In the Japanese martial arts community, there is always an underlying desire to have some connection to the Samurai of feudal Japan. I am guilty of this as well, so don't get me wrong, but how much is too much? In the age we live in, koryu bujutsu (Japanese arts that pre-date 1868) are very accessible and there are even some that have passed down their iemoto to Westerners! So with what was once restricted within a specific clan now being available to anyone worldwide, why would we not try to become modern-day Samurai?
Like all warriors and soldiers in human history, in times of war the Samurai would rape, pillage and murder. The image we embody of the spiritually enlightened Zen warrior stems from the Tokugawa Shogunate/Edo Period, a peace that lasted approximately 250 years in Japan. While they continued to train as if they were off to war at any moment, the Samurai of the Edo Period had as much battlefield experience in full-scale war as a Liberal Arts student at your local community college does and could hardly be compared to their Sengoku Jidai (Warring States Period) counterparts. Without a war to fight, they were forced to take up other occupations such as literature, art and philosophy. It can even be argued that Bushido, the seven virtues of the warrior that we have come to idolize, wasn't codified until the peace period.
It is merely because of our reverence and awe for all things Asian that we want to emulate the Samurai. No one walks around wanting to be a Knight of the Round Table. No one talks about being a Legionnaire. So please just stop. By pretending to be Samurai, you are actually disrespecting those you supposedly hold in such high esteem. You are mocking them, bastardizing their way of life for your own personal image of what you think a Samurai was when ultimately, you are LARPing.
I must clarify that there is nothing wrong with LARPing, as long as you understand that's what you're doing. Personally, in my spare time (haha) I'm a Civil War reenactor. We all have our hobbies, and it's nice to escape reality for a weekend and live in times past. But come Monday morning, we're all back in our real jobs with our real families and our real lives.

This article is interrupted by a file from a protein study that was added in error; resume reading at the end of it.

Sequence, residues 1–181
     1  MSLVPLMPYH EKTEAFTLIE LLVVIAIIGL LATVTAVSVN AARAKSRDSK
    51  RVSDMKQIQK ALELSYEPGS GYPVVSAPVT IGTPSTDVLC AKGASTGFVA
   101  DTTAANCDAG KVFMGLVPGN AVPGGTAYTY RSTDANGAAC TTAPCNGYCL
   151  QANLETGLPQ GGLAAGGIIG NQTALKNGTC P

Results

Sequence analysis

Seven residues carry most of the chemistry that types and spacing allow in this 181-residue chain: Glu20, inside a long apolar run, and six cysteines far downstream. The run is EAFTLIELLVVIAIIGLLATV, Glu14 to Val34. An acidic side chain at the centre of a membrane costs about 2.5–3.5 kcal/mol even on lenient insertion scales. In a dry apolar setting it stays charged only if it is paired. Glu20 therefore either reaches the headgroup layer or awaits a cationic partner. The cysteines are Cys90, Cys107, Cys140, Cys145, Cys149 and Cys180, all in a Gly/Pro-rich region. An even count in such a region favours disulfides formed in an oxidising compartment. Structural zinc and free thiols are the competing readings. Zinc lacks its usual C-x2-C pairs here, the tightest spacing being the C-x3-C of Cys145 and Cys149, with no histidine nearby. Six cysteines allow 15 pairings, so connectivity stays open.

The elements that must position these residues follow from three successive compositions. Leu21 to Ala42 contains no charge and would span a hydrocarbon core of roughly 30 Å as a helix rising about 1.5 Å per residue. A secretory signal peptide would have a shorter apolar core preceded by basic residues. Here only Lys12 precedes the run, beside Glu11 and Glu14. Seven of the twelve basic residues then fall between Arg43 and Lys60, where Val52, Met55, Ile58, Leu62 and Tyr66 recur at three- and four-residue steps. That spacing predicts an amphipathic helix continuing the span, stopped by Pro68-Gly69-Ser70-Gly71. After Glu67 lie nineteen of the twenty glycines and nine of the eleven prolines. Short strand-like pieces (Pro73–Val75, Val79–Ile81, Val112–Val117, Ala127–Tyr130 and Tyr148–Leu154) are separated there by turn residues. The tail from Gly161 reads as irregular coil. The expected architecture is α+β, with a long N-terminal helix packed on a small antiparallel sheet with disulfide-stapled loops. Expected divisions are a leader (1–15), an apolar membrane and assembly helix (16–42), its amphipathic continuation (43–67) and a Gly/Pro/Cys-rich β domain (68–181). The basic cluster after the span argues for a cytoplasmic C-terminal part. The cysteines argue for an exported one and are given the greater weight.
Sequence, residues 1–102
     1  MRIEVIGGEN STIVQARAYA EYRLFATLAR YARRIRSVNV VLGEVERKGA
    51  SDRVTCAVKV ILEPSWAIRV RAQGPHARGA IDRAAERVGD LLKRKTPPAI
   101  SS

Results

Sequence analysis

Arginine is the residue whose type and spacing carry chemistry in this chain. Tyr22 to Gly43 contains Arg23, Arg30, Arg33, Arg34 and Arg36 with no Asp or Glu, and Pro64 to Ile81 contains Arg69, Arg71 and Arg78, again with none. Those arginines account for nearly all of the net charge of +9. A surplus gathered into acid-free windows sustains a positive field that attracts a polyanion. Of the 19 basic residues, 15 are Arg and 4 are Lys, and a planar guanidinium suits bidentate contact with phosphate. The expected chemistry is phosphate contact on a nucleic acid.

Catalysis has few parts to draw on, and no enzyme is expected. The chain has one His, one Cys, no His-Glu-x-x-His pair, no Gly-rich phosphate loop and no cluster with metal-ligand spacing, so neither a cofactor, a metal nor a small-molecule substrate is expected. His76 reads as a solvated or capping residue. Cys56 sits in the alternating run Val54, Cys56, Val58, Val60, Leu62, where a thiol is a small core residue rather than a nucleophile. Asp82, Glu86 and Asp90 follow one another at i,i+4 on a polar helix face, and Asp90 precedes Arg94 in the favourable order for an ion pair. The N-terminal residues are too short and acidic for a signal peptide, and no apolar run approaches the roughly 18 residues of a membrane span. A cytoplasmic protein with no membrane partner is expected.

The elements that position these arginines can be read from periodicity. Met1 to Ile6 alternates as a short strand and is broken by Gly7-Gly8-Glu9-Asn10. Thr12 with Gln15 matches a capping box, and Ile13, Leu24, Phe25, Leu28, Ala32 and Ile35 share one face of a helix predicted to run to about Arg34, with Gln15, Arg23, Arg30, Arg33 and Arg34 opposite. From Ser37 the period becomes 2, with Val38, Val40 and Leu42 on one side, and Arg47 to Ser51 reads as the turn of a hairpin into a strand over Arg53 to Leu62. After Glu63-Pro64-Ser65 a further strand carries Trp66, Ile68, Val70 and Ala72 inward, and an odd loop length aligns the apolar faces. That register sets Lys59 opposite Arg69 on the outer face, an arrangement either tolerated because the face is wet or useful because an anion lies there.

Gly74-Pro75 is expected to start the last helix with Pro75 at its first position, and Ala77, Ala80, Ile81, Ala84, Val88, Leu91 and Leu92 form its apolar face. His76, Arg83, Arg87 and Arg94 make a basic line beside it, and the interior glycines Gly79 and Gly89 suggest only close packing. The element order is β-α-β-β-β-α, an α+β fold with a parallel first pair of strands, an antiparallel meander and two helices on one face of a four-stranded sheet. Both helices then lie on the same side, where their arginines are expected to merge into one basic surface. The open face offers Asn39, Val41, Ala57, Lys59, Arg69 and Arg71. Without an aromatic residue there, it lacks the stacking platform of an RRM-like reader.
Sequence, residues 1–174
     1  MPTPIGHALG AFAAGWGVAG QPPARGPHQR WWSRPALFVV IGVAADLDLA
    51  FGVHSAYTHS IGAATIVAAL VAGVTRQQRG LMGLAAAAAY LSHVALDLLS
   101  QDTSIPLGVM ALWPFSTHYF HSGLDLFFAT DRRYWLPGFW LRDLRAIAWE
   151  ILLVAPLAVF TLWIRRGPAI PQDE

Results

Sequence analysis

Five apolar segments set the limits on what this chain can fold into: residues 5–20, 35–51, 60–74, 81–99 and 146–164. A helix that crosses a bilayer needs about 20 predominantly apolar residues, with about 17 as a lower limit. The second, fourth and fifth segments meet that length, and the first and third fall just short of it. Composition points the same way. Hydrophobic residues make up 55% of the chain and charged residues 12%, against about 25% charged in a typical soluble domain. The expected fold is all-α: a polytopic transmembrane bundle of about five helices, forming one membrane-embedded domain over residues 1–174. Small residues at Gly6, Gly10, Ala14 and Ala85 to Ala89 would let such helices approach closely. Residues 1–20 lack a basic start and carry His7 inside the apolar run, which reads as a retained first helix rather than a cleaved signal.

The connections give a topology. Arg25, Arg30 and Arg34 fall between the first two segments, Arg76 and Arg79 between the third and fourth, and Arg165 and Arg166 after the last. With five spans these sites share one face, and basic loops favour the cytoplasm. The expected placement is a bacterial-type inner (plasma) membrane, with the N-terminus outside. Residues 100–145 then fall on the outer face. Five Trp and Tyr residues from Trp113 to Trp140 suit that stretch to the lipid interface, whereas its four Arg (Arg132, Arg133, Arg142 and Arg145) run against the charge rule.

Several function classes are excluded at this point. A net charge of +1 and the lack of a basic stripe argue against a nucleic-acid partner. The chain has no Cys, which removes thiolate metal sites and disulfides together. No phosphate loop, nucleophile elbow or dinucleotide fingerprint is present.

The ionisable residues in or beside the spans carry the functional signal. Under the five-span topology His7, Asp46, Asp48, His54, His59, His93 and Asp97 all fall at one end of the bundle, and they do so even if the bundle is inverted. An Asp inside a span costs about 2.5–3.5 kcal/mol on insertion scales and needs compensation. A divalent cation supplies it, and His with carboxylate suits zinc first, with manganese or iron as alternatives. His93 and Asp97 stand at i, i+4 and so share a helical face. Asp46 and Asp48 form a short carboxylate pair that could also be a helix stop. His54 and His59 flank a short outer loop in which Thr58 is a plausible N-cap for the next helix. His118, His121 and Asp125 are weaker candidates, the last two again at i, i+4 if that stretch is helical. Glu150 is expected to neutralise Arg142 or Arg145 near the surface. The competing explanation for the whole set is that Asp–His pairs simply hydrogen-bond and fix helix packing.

That's not to say it's wrong to want to study koryu for their historical value. Koryu are beautiful, historical treasures that still hold tremendous practicality. I love all Japanese martial arts, both koryu and gendai (modern), and have made it a point to learn as much as I can about them. But I am not interested in becoming Samurai, because there is a lot more to it than training in the dojo and sipping tea. We all focus on the study of Budo and forget what it means to devote your life to combat.
If you want to study koryu, buy the armor and clothing so that you can reenact Samurai culture in order to educate the public as a living historian, then I applaud you. History should be carried on, but don't try to pass off the image of the Samurai to promote your martial arts school. You are simply trying to capitalize on the blood of some of the most elite warriors the world has ever known, while simultaneously trying to boost your self image as if you deserve to stand among them. Those who hold Sokeship of legitimate koryu systems have no business claiming to be Samurai, let alone someone who teaches a modern system. You are not "honoring the old ways" by wearing the clothes and speaking in broken Japanese. You are misleading your students, making a mockery of the Samurai and misrepresenting yourself, something very un-Bushido-like, wouldn't you say?